Babies Can Consent: 16-Year-Olds Can’t

 

How can babies be old enough to give consent and teenagers aren’t?

In some parts of Australia, 15 year olds aren’t old enough to give consent to another person doing things with their genitals. In other parts, 16 year olds aren’t old enough.  In some cases, neither are 17 year olds.

But babies are? A sex expert is recommending parents don’t change their infant’s diapers until the baby gives permission.

Sexuality expert says parents should ask for consent to change a baby’s diaper

An opinion of a member or associate of The Loveshade Family does not necessarily reflect the views of the whole family.
Photo of female teenager by Tyfox is released into the public domain.  Photo of newborn is by Dianakcline and is under a Creative Commons Attribution-Share Alike 3.0 Unported license.

Lowlife Slimeball Salacious Oligarch Kakistocracy

 

American flag with today’s trending words.

Merriam-Webster (to which I, ahem, made extremely small contributions) has words Trending Now on its website.  One of the foremost dictionary producers in English language history, it works not to set trends, but to report them.

In today’s political and social climate, what were the five top recent trending words in the English language?

  1. lowlife ‘a person of low moral character’
  2. kakistocracy ‘government by the worst people’
  3. slimeball ‘a morally repulsive or odious person’
  4. salacious ‘arousing or appealing to sexual desire’
  5. oligarch ‘government in which a small group exercises control’

Welcome to today’s America.
Merriam-Webster.com

An opinion of an individual member of The Loveshade Family does not necessarily reflect the views of the whole family.

Original flag image by Dawn Hudson was released into the public domain; our version here with Merriam-Webster’s Trending Now words we also release.

Chinese Zoo Visitors Kill Kangaroos

Red Kangaroo, photo taken at Western Plains Zoo, Dubbo, Australia (photo by Rileypie).

If you had any doubt that zoos in China are often terrible, you should have no doubt now.

Visitors wanted some kangaroos to hop for their entertainment. When they didn’t, the visitors threw rocks at them. One helpless kangaroo was injured, another died.

Should we stone an animal to death because it won’t dance?

Chinese kill zoo kangaroo

An opinion by a member or associate of The Loveshade Family does not necessarily reflect the views of the whole family.

Donald Trump is The Best at Everything

How many times have you heard Donald Trump brag about how terrific he is? Here’s more.

Donald Trump Can’t Stop Congratulating Himself

Trump, quite simply, is the best at everything. Believe him.

Posted by The Trumpster Fire by HuffPost on Wednesday, February 28, 2018

An opinion of a member or associate of The Loveshade Family does not necessarily reflect the views of the whole family.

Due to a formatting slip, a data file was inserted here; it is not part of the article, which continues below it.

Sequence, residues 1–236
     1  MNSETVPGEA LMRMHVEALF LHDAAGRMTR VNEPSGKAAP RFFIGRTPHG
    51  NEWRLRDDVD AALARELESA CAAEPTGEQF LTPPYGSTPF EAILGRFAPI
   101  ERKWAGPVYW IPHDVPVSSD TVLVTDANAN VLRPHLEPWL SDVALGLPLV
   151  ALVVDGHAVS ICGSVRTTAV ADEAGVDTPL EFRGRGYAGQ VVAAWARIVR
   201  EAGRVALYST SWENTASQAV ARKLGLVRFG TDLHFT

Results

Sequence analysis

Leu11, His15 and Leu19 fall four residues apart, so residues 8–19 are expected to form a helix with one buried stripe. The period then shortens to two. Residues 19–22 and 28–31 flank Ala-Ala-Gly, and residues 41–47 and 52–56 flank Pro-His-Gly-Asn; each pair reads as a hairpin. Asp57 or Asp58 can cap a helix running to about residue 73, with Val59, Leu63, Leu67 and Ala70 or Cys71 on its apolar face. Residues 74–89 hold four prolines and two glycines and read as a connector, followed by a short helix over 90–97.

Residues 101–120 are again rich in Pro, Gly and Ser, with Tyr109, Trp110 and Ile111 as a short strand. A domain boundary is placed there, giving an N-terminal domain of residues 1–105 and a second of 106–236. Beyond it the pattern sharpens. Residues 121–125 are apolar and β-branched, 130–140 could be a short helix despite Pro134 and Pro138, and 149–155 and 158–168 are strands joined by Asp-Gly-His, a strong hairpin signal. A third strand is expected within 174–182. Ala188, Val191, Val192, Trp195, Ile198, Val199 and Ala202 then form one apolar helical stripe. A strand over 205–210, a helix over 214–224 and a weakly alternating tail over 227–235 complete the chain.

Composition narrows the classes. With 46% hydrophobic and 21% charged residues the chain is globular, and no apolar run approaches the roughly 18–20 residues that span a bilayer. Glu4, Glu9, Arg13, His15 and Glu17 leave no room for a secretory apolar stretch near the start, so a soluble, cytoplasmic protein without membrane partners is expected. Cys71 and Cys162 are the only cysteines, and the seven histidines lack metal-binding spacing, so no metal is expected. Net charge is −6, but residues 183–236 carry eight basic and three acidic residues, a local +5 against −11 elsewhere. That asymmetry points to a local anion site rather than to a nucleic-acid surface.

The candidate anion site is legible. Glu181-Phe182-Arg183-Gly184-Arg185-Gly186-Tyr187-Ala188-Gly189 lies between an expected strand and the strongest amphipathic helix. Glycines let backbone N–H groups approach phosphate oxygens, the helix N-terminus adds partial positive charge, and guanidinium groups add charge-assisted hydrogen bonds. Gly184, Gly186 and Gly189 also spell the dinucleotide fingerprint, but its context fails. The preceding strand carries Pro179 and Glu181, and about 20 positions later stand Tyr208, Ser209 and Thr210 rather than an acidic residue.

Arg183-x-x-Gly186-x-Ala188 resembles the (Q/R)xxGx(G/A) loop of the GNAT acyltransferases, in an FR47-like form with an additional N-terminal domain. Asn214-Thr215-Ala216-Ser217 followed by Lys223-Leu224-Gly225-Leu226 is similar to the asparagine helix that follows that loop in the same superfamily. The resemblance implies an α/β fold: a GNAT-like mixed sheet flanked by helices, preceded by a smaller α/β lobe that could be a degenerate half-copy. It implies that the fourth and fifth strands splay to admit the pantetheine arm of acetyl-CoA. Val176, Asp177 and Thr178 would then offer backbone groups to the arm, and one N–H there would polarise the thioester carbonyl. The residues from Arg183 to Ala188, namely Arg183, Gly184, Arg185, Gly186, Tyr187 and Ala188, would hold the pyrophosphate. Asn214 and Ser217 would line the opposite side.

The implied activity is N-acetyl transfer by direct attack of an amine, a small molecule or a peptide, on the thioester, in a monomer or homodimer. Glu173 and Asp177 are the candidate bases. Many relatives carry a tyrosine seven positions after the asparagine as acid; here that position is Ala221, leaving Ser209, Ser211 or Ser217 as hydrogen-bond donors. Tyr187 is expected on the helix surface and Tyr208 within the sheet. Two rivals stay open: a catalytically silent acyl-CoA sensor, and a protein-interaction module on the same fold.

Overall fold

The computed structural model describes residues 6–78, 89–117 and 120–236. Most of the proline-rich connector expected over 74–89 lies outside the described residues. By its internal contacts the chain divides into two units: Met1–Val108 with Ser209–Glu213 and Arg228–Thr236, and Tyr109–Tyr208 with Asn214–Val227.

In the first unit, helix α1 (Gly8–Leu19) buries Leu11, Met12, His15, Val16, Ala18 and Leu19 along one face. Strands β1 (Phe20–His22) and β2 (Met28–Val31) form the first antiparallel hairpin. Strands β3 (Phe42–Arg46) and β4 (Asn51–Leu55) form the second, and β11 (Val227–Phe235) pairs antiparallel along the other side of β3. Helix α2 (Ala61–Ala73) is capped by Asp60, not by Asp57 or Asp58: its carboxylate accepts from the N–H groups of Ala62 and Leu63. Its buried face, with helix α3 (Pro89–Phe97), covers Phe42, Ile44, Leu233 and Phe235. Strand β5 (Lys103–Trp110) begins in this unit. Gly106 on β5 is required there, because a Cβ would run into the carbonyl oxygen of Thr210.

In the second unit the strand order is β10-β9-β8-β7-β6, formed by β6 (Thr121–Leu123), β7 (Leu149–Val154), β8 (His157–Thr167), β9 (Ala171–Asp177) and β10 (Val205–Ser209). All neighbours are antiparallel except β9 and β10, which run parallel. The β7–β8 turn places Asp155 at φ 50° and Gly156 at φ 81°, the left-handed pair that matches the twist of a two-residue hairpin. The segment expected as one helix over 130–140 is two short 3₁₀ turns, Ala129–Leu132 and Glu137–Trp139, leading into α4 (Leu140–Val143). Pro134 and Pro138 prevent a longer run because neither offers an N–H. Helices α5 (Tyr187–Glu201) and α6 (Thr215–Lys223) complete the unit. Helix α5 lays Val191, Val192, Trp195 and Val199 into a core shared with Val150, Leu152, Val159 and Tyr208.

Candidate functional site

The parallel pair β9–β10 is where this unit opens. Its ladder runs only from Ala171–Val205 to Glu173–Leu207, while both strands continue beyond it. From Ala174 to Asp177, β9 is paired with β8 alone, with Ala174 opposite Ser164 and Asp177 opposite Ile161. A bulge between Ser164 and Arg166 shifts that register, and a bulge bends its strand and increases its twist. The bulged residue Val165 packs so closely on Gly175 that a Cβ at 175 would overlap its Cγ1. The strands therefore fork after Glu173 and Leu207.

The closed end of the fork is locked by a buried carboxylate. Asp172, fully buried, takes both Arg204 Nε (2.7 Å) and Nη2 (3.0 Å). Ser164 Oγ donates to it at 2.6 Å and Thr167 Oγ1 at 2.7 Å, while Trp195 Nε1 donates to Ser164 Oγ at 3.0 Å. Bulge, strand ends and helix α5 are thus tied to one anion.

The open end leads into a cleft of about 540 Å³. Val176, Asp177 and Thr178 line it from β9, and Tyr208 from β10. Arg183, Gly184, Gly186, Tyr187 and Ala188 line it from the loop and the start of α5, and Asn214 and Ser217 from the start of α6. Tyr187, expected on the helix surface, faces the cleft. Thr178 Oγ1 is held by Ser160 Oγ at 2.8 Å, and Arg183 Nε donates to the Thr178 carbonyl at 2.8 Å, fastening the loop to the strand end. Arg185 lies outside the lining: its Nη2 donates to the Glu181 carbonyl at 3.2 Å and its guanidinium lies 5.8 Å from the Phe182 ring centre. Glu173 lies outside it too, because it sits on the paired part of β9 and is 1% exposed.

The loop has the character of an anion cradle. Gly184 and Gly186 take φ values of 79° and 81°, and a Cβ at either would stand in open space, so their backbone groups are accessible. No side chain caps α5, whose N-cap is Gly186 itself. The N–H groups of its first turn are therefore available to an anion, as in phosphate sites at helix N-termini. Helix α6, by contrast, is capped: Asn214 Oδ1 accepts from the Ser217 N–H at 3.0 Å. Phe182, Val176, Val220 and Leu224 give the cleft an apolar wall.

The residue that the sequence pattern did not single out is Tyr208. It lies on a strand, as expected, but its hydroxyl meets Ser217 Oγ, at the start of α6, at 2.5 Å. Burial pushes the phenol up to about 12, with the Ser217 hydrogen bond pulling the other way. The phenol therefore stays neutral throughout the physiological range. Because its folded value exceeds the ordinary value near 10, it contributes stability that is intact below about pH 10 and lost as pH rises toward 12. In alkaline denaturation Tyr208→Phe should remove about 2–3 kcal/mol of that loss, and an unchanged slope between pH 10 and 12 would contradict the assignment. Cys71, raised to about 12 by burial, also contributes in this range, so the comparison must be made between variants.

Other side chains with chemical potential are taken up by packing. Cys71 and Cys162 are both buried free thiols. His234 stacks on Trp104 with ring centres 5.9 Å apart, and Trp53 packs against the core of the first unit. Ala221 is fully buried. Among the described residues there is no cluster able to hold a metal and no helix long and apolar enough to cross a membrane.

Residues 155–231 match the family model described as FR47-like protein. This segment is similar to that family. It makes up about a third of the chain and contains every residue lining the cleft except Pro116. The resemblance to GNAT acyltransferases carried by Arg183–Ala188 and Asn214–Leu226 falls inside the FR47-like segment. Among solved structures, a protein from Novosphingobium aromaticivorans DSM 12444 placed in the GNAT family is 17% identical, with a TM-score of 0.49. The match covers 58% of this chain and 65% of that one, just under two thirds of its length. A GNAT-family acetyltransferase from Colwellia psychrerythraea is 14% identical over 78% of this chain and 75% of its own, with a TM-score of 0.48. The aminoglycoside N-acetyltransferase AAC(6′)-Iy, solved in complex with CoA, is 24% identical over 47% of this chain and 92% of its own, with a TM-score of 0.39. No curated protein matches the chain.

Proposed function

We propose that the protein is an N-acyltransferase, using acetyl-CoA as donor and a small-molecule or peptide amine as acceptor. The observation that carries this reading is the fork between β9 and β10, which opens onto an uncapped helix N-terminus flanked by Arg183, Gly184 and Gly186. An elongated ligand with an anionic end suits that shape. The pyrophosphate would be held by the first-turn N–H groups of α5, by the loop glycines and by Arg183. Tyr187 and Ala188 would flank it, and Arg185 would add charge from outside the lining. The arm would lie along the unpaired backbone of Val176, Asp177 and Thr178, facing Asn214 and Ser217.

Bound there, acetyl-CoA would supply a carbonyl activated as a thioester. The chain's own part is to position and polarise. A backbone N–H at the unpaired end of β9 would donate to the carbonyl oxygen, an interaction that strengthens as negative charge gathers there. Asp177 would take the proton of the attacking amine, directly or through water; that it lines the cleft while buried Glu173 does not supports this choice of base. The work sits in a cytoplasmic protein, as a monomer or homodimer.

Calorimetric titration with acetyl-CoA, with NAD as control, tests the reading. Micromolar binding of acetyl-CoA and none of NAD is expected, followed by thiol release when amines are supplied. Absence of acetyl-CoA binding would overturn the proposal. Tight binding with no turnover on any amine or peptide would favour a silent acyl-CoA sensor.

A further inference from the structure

The image of Donald Trump was identified by a news service as being in the public domain, but did not identify the photographer.

School Says Girls Can’t Say No

Girls were not allowed to choose who they danced with at a school dance. (This photo is a substitute for the original which was removed by the publisher; this photo does not depict the school; see details below).

A Utah girl told her mother she couldn’t refuse if a boy asked her to dance at a Valentine’s Day event at her school. The mother complained to her Kanesville Elementary school principal because telling a sixth grade girl she couldn’t say no to a boy is a terrible message. The principal said that’s the policy, and the preteen girl had to do what the boys wanted.

It applies to both boys and girls. What happens if they say no, will they be punished? None of the preteens can say no. Is this 2018 or 1958?

Schools decision to refuse girls right to say no if boys ask them to dance, challenged by pupil’s parent

Photo source.
An opinion of a family member of associate of The Loveshade Family does not necessarily reflect the views of the whole family.

White Evangelical Christian Hypocrisy

Donald Trump and Barack Obama.  How you speak about them tells more about you than it does about them.  And you may not like what people are seeing.

If you want to skip my introduction, you can go and read John Pavlovitz’s editorial White Evangelicals, This is Why People Are Through With You.

If there’s one thing I can’t stand, it’s hypocrisy.  If you recall, Jesus of Nazareth didn’t tolerate it either.  And right now, America is rampant with it.

This isn’t just about Donald Trump and Barack Obama.  This isn’t just about politics.  It’s about fundamental Christian values.  To understand where I’m coming from, you need to understand where I came from.